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Healthwise E-Links – Influenza Vaccination Week

It’s almost that time of year again—flu season. National Influenza Vaccination Week (NIVW), which takes place December 6–12, presents an opportunity to educate and engage your members and patients about the influenza vaccination and the flu. With lots of information about the vaccine and about preventing and treating the flu, the Healthwise Knowledgebase has you covered during flu season.

flu vaccination weekHow to Use E-Links

Keep your website content fresh and engaging with Healthwise E-links. The copy promotes timely health themes by highlighting topics in the Healthwise® Knowledgebase. Use the copy below on your website homepage or condition-specific pages, and create links to the related Healthwise Knowledgebase topics. You can also place the copy in emails, newsletters, or any other consumer outreach programs. Because of license restrictions, the images seen in Healthwise E-links are for Healthwise use only.

The 411 on the seasonal flu

Influenza, also called the flu, is a viral infection that causes body aches, a fever, a dry cough, a headache, fatigue, and a sore or dry throat. Flu symptoms usually come on quickly and are worse than a cold, and it may take 1 to 2 weeks or longer to completely recover. Most flu outbreaks happen in late fall and winter. A yearly flu vaccine, available before and during flu season, can help prevent the flu. You can also reduce your risk for the flu by washing your hands often, getting regular exercise, and keeping your hands away from your nose, eyes, and mouth. To help you understand the symptoms, treatment, and prevention of the seasonal flu, here’s a resource full of information. [Create a hyperlink to the Influenza (Seasonal Flu) Topic Overview on your website. DOCHWID=hw122012]

Prepare for cold and flu season

Sneeze. Cough. Ache. It’s no fun to have a cold or the flu. Cold and flu viruses spread most easily in the late fall and winter. To help prevent catching and spreading a cold or the flu, there are a number of things you can do, such as washing your hands often, getting a flu vaccine, and keeping direct contact with others at a minimum. It’s important to understand the difference between a cold and the flu, and how you can treat the symptoms of the viruses. We’ve got everything you need to prepare for cold and flu season in this helpful resource. [Create a hyperlink to the Colds and Flu Learning Center on your website. DOCHWID=center1046]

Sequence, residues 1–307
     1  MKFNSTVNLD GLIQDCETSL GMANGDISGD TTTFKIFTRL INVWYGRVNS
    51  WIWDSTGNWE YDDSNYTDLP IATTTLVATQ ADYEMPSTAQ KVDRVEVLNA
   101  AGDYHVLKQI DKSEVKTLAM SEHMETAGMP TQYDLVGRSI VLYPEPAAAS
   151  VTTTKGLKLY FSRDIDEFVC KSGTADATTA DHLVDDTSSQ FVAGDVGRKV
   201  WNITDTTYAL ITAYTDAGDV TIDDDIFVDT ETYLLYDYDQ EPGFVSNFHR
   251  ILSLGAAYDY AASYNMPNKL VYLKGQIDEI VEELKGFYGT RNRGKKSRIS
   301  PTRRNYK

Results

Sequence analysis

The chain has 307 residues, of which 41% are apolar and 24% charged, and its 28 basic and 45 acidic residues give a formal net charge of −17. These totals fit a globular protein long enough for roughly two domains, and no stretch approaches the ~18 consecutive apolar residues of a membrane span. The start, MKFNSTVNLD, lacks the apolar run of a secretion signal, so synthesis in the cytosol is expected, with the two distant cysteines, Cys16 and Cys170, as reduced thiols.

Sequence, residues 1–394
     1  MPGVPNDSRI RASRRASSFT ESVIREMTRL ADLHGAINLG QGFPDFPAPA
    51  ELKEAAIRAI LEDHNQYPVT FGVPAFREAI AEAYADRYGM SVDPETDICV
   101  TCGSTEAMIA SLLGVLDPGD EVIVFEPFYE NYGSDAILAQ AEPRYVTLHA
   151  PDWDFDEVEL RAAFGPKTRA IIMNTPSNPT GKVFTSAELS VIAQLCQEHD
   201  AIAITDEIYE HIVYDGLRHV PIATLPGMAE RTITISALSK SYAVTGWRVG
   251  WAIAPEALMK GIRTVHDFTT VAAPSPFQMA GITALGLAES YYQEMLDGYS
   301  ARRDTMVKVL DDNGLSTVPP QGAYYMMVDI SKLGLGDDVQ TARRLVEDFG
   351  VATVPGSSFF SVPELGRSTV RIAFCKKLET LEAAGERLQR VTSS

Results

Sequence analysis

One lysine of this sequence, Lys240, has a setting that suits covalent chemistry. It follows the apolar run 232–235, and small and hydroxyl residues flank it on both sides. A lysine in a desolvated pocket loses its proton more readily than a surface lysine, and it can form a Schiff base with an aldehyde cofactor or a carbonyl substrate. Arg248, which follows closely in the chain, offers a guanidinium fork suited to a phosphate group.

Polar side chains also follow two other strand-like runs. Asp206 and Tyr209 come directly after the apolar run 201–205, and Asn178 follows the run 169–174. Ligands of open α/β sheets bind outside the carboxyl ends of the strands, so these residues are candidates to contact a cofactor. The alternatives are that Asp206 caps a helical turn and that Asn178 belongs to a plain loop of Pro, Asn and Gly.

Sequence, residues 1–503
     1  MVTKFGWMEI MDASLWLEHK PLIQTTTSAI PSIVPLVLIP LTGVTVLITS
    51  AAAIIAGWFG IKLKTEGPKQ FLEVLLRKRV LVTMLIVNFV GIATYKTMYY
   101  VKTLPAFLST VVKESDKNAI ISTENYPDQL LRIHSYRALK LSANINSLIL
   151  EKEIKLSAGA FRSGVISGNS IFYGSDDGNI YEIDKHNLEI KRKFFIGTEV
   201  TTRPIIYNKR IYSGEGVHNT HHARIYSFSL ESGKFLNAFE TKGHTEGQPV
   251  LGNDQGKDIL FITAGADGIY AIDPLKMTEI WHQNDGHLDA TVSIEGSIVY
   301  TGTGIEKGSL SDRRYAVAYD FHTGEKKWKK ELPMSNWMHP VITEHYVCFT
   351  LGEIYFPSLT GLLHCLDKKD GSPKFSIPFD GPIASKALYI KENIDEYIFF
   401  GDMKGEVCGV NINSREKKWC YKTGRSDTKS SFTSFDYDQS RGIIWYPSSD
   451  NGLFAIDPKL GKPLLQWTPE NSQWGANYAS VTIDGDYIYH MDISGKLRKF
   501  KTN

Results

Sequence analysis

To get the flu vaccine or not?

You may be wondering whether you should get the flu vaccine. The flu vaccine allows your immune system to make antibodies. If you are exposed to the flu later, the antibodies can attack and destroy the virus. Getting the flu vaccine does not guarantee that you won’t get the seasonal flu, but it can make the symptoms milder and lower your risk for developing other health problems from the flu. It is recommended that everyone age 6 months or older get the flu vaccine each year. But getting the vaccine is especially important for people at high risk for developing other health problems from the flu such as pneumonia. Use this interactive guide to compare your options and make an informed decision about the flu vaccine. [Create a hyperlink to the Flu Vaccines: Should I Get a Flu Vaccine? Decision Point on your website. DOCHWID=tb1913]

Wash those hands!

Hand-washing. It’s a simple and effective way to help prevent the flu and other diseases. Washing your hands often, especially during flu season, can reduce your risk for getting or spreading the virus. The flu virus can spread through direct contact, such as shaking hands, contact with small droplets that form when a person sneezes or coughs, and contact with objects such as tissues or handkerchiefs that have been touched by an infected person. This helpful resource describes when you should wash your hands and the 6 steps for proper hand-washing. [Create a hyperlink to the Hand-Washing Topic Overview on your website. DOCHWID=tv7076spec]

Treat that fever

A fever is your body’s way of fighting an infection or other illness. Viral infections, such as the flu, often cause a fever. Most people have an average body temperature of about 98.6°F. A fever of 102°F or higher for 3 to 4 days is common with the flu. You can usually treat your fever at home by resting and drinking lots of fluids, dressing lightly, and trying a nonprescription medicine. Use this helpful resource to check your symptoms, treat your fever, and know when to see a doctor. [Create a hyperlink to the Fever or Chills, Age 12 and Older Topic Overview on your website. DOCHWID=fevr4]

Teasers for Your Social Media Networks

  • Here’s what you need to know about seasonal flu symptoms, treatment, and prevention. [Insert a shortened URL to the Influenza (Seasonal Flu) Topic Overview on your website. DOCHWID=hw122012]
  • Prepare for cold and flu season with this helpful resource. [Insert a shortened URL to the Colds and Flu Learning Center on your website. DOCHWID=center1046]
  • To get the flu vaccine or not? Here’s help making the decision. [Insert a shortened URL to the Flu: Vaccines Decision Point on your website. DOCHWID=tb1913]
  • Are you washing your hands often enough? Learn how this simple step can prevent the flu. [Insert a shortened URL to the Hand-Washing Topic Overview on your website. DOCHWID=tv7076spec]
  • Here’s everything you need to know about treating a fever. [Insert a shortened URL to the Fever or Chills, Age 12 and Older Topic Overview on your website. DOCHWID=fevr4]